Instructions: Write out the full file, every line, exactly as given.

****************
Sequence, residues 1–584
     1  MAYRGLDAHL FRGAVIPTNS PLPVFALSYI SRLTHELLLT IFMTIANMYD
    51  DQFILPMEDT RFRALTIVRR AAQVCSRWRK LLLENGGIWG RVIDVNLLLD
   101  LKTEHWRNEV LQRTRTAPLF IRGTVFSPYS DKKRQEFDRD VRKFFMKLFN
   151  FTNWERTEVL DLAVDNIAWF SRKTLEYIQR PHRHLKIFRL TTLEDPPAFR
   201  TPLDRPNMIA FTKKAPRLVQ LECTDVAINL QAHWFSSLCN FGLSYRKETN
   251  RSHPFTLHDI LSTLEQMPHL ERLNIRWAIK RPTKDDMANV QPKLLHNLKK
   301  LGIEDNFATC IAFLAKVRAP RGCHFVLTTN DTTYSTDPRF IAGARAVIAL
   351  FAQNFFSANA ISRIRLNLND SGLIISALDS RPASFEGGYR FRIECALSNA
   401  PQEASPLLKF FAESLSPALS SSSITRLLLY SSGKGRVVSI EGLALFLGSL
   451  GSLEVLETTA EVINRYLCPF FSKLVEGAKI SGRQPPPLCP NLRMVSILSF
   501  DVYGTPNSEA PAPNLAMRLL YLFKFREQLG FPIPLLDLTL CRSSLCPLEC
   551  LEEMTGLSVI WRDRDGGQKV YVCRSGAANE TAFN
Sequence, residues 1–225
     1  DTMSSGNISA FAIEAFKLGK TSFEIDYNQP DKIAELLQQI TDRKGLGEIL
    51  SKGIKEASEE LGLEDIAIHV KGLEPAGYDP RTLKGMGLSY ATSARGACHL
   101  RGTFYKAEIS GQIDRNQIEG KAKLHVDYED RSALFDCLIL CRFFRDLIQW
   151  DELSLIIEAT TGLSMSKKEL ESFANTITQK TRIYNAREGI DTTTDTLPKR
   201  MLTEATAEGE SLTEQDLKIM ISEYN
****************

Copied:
Sequence, residues 1–584
     1  MAYRGLDAHL FRGAVIPTNS PLPVFALSYI SRLTHELLLT IFMTIANMYD
    51  DQFILPMEDT RFRALTIVRR AAQVCSRWRK LLLENGGIWG RVIDVNLLLD
   101  LKTEHWRNEV LQRTRTAPLF IRGTVFSPYS DKKRQEFDRD VRKFFMKLFN
   151  FTNWERTEVL DLAVDNIAWF SRKTLEYIQR PHRHLKIFRL TTLEDPPAFR
   201  TPLDRPNMIA FTKKAPRLVQ LECTDVAINL QAHWFSSLCN FGLSYRKETN
   251  RSHPFTLHDI LSTLEQMPHL ERLNIRWAIK RPTKDDMANV QPKLLHNLKK
   301  LGIEDNFATC IAFLAKVRAP RGCHFVLTTN DTTYSTDPRF IAGARAVIAL
   351  FAQNFFSANA ISRIRLNLND SGLIISALDS RPASFEGGYR FRIECALSNA
   401  PQEASPLLKF FAESLSPALS SSSITRLLLY SSGKGRVVSI EGLALFLGSL
   451  GSLEVLETTA EVINRYLCPF FSKLVEGAKI SGRQPPPLCP NLRMVSILSF
   501  DVYGTPNSEA PAPNLAMRLL YLFKFREQLG FPIPLLDLTL CRSSLCPLEC
   551  LEEMTGLSVI WRDRDGGQKV YVCRSGAANE TAFN
Sequence, residues 1–225
     1  DTMSSGNISA FAIEAFKLGK TSFEIDYNQP DKIAELLQQI TDRKGLGEIL
    51  SKGIKEASEE LGLEDIAIHV KGLEPAGYDP RTLKGMGLSY ATSARGACHL
   101  RGTFYKAEIS GQIDRNQIEG KAKLHVDYED RSALFDCLIL CRFFRDLIQW
   151  DELSLIIEAT TGLSMSKKEL ESFANTITQK TRIYNAREGI DTTTDTLPKR
   201  MLTEATAEGE SLTEQDLKIM ISEYN